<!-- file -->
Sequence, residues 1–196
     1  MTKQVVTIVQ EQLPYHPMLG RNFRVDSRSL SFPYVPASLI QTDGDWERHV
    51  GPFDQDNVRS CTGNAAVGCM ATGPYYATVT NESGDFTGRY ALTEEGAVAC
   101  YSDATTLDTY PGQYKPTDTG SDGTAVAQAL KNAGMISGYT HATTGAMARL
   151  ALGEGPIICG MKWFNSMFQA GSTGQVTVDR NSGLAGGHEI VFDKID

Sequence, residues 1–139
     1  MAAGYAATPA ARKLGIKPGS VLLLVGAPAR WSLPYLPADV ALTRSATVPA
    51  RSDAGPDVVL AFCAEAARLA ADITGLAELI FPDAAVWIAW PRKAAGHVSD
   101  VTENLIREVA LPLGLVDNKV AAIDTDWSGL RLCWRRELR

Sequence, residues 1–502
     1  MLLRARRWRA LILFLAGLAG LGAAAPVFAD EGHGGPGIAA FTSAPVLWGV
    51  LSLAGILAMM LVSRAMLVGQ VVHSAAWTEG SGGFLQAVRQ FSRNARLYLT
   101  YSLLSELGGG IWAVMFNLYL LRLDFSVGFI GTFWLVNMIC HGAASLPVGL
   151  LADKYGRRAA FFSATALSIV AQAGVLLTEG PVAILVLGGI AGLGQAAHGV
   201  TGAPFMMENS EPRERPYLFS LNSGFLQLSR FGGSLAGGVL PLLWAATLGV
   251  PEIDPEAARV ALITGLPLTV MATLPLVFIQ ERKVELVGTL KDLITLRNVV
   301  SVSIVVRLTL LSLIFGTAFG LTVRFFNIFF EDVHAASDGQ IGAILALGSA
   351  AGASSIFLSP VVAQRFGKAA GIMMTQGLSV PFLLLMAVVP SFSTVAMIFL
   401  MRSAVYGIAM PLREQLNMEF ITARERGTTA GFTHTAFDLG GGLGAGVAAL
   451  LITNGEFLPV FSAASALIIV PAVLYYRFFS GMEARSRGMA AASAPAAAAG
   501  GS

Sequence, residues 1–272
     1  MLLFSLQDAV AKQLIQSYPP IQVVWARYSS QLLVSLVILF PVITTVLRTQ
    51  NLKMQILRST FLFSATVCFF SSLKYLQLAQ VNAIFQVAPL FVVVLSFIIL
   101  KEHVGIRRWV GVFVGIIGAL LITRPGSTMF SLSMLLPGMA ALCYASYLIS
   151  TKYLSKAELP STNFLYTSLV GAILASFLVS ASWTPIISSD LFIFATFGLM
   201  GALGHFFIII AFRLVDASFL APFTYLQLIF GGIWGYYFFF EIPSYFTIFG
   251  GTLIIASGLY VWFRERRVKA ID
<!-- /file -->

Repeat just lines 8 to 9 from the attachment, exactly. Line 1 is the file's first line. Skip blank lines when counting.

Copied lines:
    51  RSDAGPDVVL AFCAEAARLA ADITGLAELI FPDAAVWIAW PRKAAGHVSD
   101  VTENLIREVA LPLGLVDNKV AAIDTDWSGL RLCWRRELR